Session 10


Track A

Date: Saturday, December 15, 2012


Time: 17:00 – 18:15


Room: Meeting Room 2

Session Chair:

  • Prem Ramburuth, University of New South Wales

Title: Determinants of EU Firms’ FDI in China: A Static & Dynamic Test of Eclectic Paradigm


  • Huifen Cai, Middlesex University London

Abstract: The paper investigates the determinants of European Union foreign direct investment in the Chinese market using a newly available data set of 680 EU firms for the period of 1998-2007 from the State Statistical Bureau of China. The theoretical framework of the paper builds on Dunning's ownership–location–internalization paradigm, incorporating the host country institutional factors to test international production by EU firms in an emerging market. We find that FDI is positively related to institutional change. However, some other factors such as firm technology, personal share, profitability, wages and rule of law reveal unexpected results. The findings have important implications for practitioners and policymaking.

Title: Does Inward FDI Promote or Hinder Outward FDI? IJVs in the Chinese Automotive Industry


  • Ying Liu, Peking University
  • Minghua Li, Copenhagen Business School
  • Jiangyong Lu, Peking University
  • Changqi Wu, Peking University

Abstract: In this paper we evaluate the mechanisms underlying dynamic linkages between inward FDI and outward internationalization in the Chinese automobile industry. While several studies have examined the relationship between outward and inward investment using empirical data, this is among the first to employ a case study approach to investigate how international joint ventures (IJVs) established between foreign and Chinese carmakers can shape their internationalization speed, proclivity, and degree. We discuss some unique features of carmakers with and without IJVs to elucidate how firms without IJVs may be more driven to expand internationally while firms with IJVs may face constraints from venturing abroad. Our study further delineates strategies for how automakers without IJVs may rely on external growth to springboard back into the domestic car market.

Title: Domestic Joint Venture Experience and the Internationalization of Chinese Firms


  • Linda Rademaker, BI Norwegian Business School
  • Xavier Martin, Tilburg University

Abstract: Despite their increasing global presence, little is known about the drivers of foreign direct investment by Chinese firms and the nature of these foreign ventures. This paper examines how joint ventures between MNEs and Chinese firms in China affect the likelihood of international expansion of Chinese firms and the entry mode chosen upon internationalization. Using a sample of FDI in- and outflows in China for the period 1978-2011 we find a positive effect of joint venture experience on the propensity of Chinese firms to conduct FDI in the United States, with strong country effects. In addition, these country effects significantly affect the entry mode chosen upon internationalization.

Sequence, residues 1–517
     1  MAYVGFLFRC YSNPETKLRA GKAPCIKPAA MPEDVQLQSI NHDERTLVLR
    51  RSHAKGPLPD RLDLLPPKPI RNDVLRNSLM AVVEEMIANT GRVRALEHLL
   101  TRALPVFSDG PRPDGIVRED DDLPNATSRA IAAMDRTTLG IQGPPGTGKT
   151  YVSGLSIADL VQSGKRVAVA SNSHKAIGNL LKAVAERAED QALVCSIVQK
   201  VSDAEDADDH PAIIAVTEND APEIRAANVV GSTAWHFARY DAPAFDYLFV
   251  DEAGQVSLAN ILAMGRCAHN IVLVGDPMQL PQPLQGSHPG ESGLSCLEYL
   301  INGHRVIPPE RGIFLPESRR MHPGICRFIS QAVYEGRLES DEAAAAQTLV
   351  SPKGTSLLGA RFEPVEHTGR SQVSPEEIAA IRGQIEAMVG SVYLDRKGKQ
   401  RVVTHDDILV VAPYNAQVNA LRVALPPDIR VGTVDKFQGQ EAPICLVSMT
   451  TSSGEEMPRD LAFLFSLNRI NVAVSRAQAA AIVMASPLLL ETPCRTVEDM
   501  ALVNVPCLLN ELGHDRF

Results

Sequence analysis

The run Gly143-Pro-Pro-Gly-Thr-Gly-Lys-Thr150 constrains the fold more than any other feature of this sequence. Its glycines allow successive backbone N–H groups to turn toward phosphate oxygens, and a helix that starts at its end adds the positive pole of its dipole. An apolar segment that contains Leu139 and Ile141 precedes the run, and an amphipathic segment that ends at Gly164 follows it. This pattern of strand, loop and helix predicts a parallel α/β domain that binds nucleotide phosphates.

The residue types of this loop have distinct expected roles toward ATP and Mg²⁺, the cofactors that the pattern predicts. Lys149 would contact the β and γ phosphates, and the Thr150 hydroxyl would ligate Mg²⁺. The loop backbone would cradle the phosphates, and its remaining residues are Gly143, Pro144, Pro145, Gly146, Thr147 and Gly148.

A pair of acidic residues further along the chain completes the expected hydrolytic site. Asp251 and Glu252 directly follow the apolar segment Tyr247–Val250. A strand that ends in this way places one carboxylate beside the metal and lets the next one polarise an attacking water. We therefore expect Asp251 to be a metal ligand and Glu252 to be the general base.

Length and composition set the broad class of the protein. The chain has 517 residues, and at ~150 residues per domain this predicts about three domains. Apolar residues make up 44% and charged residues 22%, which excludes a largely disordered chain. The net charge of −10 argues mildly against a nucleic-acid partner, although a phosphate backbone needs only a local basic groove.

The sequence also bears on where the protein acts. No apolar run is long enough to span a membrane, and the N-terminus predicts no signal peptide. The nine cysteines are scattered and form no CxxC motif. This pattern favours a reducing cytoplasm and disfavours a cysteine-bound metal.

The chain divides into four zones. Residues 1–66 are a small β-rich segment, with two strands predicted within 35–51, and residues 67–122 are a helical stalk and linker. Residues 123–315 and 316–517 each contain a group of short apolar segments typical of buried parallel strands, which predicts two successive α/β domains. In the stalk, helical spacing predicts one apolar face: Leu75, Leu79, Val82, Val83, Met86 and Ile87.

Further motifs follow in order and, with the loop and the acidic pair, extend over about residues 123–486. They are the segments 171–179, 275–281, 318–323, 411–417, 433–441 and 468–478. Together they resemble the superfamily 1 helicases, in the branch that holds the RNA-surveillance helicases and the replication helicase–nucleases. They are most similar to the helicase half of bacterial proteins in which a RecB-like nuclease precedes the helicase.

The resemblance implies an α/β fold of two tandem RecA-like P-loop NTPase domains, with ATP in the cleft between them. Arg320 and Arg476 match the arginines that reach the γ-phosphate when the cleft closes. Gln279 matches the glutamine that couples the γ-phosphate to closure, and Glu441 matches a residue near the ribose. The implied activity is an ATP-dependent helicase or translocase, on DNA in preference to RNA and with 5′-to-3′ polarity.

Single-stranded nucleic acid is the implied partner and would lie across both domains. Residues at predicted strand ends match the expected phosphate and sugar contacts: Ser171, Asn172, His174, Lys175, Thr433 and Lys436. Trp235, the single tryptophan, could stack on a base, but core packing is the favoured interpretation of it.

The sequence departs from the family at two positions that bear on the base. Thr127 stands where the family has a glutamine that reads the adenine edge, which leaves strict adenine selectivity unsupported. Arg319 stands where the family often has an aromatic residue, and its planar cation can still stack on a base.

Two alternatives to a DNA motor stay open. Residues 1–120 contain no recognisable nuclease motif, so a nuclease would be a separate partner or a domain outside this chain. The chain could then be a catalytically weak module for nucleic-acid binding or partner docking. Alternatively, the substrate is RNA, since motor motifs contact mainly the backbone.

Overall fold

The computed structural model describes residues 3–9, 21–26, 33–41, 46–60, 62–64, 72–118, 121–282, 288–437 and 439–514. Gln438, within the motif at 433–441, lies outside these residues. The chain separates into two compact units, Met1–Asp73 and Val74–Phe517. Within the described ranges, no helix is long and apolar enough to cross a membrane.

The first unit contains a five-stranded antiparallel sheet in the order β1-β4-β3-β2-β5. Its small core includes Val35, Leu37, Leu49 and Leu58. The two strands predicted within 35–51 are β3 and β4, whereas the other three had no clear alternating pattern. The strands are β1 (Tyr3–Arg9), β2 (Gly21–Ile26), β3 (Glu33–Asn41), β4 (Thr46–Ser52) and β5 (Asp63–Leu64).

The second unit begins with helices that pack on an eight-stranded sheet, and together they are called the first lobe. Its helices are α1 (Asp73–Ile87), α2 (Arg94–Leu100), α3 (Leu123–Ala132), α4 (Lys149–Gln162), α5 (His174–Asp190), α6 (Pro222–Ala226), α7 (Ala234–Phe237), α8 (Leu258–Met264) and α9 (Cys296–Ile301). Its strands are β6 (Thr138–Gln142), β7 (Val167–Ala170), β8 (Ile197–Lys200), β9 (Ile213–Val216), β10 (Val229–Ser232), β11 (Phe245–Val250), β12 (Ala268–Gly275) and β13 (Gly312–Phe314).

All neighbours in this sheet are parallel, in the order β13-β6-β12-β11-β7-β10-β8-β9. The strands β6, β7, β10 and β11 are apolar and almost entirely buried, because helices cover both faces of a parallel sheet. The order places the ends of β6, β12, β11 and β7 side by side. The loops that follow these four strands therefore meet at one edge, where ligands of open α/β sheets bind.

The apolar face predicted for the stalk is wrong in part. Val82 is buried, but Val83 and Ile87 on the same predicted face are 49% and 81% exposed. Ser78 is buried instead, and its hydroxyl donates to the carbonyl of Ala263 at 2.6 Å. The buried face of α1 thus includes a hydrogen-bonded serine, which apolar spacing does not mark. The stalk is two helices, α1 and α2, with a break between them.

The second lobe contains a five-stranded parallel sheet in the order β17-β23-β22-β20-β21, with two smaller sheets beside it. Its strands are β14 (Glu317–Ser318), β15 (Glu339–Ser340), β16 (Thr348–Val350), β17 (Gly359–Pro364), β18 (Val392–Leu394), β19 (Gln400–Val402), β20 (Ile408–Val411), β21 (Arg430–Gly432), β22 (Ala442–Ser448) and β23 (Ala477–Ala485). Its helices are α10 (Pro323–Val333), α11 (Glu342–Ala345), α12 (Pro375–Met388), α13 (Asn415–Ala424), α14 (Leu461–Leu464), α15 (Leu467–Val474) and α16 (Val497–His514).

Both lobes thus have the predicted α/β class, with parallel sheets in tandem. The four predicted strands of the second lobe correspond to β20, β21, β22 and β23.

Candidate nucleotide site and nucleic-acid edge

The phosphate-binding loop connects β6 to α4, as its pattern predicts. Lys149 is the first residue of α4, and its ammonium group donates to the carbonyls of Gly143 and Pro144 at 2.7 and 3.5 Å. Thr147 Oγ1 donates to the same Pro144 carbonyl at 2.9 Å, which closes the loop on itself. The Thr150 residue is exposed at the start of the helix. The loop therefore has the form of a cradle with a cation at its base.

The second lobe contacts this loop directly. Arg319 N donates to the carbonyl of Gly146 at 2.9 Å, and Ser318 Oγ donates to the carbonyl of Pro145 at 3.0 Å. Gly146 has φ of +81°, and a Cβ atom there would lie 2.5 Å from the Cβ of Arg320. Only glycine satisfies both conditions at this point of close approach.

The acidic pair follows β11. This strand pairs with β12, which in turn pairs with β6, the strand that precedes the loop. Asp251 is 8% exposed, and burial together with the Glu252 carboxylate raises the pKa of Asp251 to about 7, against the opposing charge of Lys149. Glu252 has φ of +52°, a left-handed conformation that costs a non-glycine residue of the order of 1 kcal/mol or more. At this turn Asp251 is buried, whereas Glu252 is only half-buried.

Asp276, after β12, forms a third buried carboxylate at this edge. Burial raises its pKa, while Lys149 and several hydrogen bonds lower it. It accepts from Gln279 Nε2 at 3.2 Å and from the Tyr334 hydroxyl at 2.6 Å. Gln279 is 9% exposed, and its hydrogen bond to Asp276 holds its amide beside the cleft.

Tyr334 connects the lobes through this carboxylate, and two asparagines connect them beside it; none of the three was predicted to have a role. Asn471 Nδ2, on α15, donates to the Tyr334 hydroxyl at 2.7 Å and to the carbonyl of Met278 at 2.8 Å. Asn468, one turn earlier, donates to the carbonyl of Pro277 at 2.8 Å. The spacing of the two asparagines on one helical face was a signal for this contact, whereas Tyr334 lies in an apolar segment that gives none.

Title: Painted With the Same Brush: Negative Reputation Spillover Among Emerging Market Firms Going Public Abroad


  • Xiwei Yi, Rice University

Abstract: While the internationalization of emerging market companies has been an important topic in international business research, little attention has been assigned to the phenomenon that emerging market companies going public abroad. In this paper, we propose that emerging market companies going public in developed market confront the questioning of legitimacy and are vulnerable to negative reputation spillover due to the stereotype of country-of-origin. We also propose that reputable underwriter and positive media exposure help alleviate the negative reputation spillover. We choose U.S-listed Chinese companies through IPO procedure as our sample and the exposure of accounting frauds of backdoor-listed Chinese companies as the context to conduct empirical analysis.

All Sessions in Track A...

Sat: 09:00 – 09:30
Session 35: Conference Welcome
Sat: 09:30 – 10:45
Session 30: Keynote Plenary Panel: Competing and Cooperating in and for China
Sat: 11:15 – 12:30
Session 4: Competition and Adaptation
Session 11: Firm Boundaries and Growth
Session 19: Global Strategy
Session 26: Entrepreneurship in China
Sat: 13:45 – 15:00
Session 31: Plenary Panel II: Collaborative Strategies in and for China
Sat: 15:30 – 16:45
Session 6: CSR and Sustainable Development
Session 7: Entrepreneurship
Session 9: Executives and Incentives
Session 22: Panel: Innovation
Session 24: Managing Innovation Strategies
Sat: 17:00 – 18:15
Session 5: Corporate Governance
Session 8: Evolution and Ecosystems
Session 10: FDI
Session 12: Innovation Strategy
Session 27: FDI and Institutions
Sun: 09:00 – 10:15
Session 32: Plenary Panel III: Corporate Governance and Executive Leadership in the Age of Globalization
Sun: 10:45 – 12:00
Session 13: Institutions
Session 15: Internationalization II
Session 16: Networks
Session 29: Resources and Capabilities
Sun: 13:45 – 15:00
Session 33: Plenary Panel IV: Strategic Management Research in China - What is Next?
Sun: 15:30 – 16:45
Session 3: Alliances and Cooperation
Session 14: Internationalization I
Session 17: Social Capital
Session 28: Governance, Knowledge, and Cooperation
Sun: 17:00 – 18:00
Session 34: Executives Plenary Panel: Innovation Strategy in China

Strategic Management Society